Take the 2-minute tour ×
Stack Overflow is a question and answer site for professional and enthusiast programmers. It's 100% free, no registration required.

I have a multi-module maven project. We intend to version all these modules together. But as of now I am ending up hard-coding version in each of the module pom.xml as below

<parent>
    <artifactId>xyz-application</artifactId>
    <groupId>com.xyz</groupId>
    <version>2.50.0.g</version>
</parent>
<modelVersion>4.0.0</modelVersion>
<groupId>com.xyz</groupId>
<artifactId>xyz-Library</artifactId>
<version>2.50.0.g</version>

and the main parent module has the below configuration

<modelVersion>4.0.0</modelVersion>
<groupId>com.xyz</groupId>
<artifactId>xyz-application</artifactId>
<version>2.50.0.g</version>
<packaging>pom</packaging>
share|improve this question

5 Answers 5

up vote 68 down vote accepted

Use versions:set from the versions-maven plugin:

mvn versions:set -DnewVersion=2.50.1-SNAPSHOT

It will adjust all pom versions, parent versions and dependency versions in a multi-module project.

If you made a mistake, do

mvn versions:revert

afterwards, or

mvn versions:commit

if you're happy with the results.

share|improve this answer
    
Thanks... tried it in a sample, it works :-)...will try it in my build environment. –  sandeepkunkunuru Apr 20 '11 at 8:32
1  
It would have been great if there was a solution that does not require you to actually change each module. The only alternative I can think of is to always use a snapshot version for the parent-pom. –  AmanicA Jul 2 '11 at 21:49
6  
Additionally to the versions:set one can specify -DgenerateBackupPoms=false, as by default this plugin back ups original pom files. –  Maksim Sorokin Nov 15 '12 at 8:49
2  
That's the point of the versions:commit : "Removes the initial backup of the pom, thereby accepting the changes." –  Michael Laffargue Apr 28 at 9:52
    
A new plugin solves the issue described in this question differently: mojo.codehaus.org/flatten-maven-plugin/examples/… –  Stephan Jun 12 at 14:51

You may want to look into Maven release plugin's release:update-versions goal. It will update the parent's version as well as all the modules under it.


Update: Please note that the above is the release plugin. If you are not releasing, you may want to use versions:set

mvn versions:set -DnewVersion=1.2.3-SNAPSHOT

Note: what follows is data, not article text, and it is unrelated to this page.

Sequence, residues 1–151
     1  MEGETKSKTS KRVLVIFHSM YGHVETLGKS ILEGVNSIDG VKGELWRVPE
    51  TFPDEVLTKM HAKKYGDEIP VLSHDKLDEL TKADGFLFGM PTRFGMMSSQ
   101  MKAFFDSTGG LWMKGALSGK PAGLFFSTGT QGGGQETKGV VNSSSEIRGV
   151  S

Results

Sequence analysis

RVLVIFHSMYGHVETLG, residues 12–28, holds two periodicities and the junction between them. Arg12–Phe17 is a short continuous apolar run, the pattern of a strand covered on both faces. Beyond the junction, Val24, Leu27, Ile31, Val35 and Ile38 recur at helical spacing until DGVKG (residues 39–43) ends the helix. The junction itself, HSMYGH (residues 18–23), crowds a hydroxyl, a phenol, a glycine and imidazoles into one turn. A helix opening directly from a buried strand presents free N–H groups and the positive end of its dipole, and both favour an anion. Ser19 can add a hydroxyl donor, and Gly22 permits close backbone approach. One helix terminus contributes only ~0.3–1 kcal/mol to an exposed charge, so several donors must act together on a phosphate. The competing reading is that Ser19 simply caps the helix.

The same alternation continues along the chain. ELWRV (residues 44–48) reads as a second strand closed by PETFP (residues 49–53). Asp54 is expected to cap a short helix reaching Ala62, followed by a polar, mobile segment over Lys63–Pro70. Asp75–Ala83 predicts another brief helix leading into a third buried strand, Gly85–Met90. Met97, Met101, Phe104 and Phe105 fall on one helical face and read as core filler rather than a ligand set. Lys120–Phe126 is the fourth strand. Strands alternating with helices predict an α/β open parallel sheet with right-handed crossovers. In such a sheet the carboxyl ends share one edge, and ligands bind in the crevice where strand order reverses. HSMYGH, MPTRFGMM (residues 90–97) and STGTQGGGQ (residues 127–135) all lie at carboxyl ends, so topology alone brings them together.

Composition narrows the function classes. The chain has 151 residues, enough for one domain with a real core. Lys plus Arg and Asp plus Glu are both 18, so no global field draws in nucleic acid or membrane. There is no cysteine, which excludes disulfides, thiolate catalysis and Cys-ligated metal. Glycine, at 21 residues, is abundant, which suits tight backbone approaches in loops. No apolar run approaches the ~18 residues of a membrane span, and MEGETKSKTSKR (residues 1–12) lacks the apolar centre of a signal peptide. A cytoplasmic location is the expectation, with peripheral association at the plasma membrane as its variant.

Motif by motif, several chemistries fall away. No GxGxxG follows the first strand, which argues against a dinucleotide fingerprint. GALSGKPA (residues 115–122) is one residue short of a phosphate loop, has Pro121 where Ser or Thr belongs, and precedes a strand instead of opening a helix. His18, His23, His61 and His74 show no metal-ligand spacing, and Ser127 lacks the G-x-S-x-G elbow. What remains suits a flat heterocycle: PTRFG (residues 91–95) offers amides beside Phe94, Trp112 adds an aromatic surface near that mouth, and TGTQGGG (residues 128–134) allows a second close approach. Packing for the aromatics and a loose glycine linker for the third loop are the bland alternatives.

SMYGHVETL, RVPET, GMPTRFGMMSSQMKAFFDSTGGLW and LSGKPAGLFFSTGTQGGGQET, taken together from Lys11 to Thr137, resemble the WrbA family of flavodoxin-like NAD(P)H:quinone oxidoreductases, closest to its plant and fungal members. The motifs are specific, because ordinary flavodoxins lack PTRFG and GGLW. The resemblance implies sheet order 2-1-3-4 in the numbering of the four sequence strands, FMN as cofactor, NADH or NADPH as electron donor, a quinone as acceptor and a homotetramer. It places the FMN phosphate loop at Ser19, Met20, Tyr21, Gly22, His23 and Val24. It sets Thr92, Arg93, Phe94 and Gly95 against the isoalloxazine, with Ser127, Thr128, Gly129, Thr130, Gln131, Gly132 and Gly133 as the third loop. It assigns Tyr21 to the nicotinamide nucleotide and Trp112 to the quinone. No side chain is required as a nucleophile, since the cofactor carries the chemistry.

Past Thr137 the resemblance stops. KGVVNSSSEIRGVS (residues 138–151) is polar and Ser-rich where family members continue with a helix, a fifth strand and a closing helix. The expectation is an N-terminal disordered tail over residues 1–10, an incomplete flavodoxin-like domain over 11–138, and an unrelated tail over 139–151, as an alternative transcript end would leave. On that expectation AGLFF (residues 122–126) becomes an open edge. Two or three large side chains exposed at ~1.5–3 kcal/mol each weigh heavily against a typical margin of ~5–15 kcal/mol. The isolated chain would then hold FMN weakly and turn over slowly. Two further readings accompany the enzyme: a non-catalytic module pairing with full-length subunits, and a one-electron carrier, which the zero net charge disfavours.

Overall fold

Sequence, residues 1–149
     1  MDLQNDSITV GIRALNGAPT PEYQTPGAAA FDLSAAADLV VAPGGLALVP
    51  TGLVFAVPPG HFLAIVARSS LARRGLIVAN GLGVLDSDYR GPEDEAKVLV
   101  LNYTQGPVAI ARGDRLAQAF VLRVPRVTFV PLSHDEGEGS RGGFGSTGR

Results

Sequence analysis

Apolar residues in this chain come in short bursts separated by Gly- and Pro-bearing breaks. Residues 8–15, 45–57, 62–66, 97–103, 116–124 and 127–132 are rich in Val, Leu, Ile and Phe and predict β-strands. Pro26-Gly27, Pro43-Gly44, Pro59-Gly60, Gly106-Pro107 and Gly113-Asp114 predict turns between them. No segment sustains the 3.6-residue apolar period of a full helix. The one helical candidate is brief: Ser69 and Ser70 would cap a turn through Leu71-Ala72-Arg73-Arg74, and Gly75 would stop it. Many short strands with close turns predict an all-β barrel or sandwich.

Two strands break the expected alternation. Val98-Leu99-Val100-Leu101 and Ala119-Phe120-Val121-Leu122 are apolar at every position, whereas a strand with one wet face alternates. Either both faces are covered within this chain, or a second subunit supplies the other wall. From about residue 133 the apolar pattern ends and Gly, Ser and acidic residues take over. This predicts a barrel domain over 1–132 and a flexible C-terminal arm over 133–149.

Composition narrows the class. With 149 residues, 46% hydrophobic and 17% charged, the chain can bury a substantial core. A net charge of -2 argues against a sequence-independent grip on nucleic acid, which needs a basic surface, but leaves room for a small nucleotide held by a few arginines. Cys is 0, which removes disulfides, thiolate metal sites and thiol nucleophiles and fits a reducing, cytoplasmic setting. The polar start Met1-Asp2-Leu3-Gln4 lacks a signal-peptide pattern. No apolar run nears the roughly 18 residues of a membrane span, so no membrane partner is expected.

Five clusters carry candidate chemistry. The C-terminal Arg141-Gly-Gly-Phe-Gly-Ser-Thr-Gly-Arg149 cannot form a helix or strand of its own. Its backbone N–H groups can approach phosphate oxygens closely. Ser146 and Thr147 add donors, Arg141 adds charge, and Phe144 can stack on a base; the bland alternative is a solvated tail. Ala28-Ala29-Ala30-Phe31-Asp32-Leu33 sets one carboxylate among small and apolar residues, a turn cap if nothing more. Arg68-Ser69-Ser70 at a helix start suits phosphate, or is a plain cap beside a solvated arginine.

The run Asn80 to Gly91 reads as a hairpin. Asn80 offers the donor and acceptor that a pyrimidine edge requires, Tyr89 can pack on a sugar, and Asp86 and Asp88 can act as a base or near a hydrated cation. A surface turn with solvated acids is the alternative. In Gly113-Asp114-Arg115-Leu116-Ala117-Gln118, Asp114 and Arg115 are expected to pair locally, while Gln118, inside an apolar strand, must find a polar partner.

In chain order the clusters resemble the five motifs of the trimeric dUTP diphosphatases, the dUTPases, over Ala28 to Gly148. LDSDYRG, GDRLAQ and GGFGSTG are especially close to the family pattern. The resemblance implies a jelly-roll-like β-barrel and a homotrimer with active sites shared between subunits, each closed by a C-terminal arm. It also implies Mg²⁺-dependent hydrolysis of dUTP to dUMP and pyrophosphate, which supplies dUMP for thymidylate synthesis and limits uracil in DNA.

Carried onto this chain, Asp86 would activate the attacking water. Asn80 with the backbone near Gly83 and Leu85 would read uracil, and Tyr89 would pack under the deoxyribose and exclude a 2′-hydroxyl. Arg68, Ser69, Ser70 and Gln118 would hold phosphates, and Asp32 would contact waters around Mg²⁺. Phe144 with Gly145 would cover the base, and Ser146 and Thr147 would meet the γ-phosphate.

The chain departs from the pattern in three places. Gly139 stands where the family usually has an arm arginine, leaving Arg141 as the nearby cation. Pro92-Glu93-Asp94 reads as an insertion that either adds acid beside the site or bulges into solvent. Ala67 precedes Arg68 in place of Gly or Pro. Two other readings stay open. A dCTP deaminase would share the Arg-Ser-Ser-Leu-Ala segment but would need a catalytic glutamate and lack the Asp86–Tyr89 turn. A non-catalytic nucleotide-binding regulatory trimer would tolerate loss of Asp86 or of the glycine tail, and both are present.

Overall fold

share|improve this answer

I encourage you to read the Maven Book about multi-module (reactor) builds.

I meant in particular the following:

<parent>
    <artifactId>xyz-application</artifactId>
    <groupId>com.xyz</groupId>
    <version>2.50.0.g</version>
</parent>
<modelVersion>4.0.0</modelVersion>
<groupId>com.xyz</groupId>
<artifactId>xyz-Library</artifactId>
<version>2.50.0.g</version>

should be changed into. Here take care about the not defined version only in parent part it is defined.

<modelVersion>4.0.0</modelVersion>

<parent>
    <artifactId>xyz-application</artifactId>
    <groupId>com.xyz</groupId>
    <version>2.50.0.g</version>
</parent>
<groupId>com.xyz</groupId>
<artifactId>xyz-Library</artifactId>

This is a better link.

share|improve this answer
1  
and look for what specifically? –  Thorbjørn Ravn Andersen Jan 3 '13 at 15:56

versions:update-child-modules sounds like what you're looking for. You could do versions:set as mentioned, but this is a light-weight way to update the parent version numbers. For the child modules, it's my opinion that you should remove the <version> definitions, since they will inherit the parent module's version number.

share|improve this answer

the best way is, since you intend to bundle your modules together, you can specify dependencyMangement in outer most pom.xml(parent module). It controls the version and group name. In your individual module, you just need to specify the artifactId in your pom.xml. It will take the version from parent file.

share|improve this answer

Your Answer

 
discard

By posting your answer, you agree to the privacy policy and terms of service.

Not the answer you're looking for? Browse other questions tagged or ask your own question.